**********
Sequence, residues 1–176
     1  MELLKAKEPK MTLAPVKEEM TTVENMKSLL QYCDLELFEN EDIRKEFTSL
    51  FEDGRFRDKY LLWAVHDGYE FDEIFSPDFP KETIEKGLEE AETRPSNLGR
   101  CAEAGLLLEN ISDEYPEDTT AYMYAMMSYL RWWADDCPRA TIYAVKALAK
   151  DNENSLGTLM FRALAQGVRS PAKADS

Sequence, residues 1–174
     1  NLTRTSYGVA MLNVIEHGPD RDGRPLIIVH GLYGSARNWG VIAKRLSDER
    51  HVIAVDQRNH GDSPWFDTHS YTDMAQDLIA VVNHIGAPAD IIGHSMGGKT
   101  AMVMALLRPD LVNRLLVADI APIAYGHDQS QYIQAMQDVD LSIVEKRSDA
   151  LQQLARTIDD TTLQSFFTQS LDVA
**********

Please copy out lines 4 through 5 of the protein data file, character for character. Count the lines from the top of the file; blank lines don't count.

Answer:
   101  CAEAGLLLEN ISDEYPEDTT AYMYAMMSYL RWWADDCPRA TIYAVKALAK
   151  DNENSLGTLM FRALAQGVRS PAKADS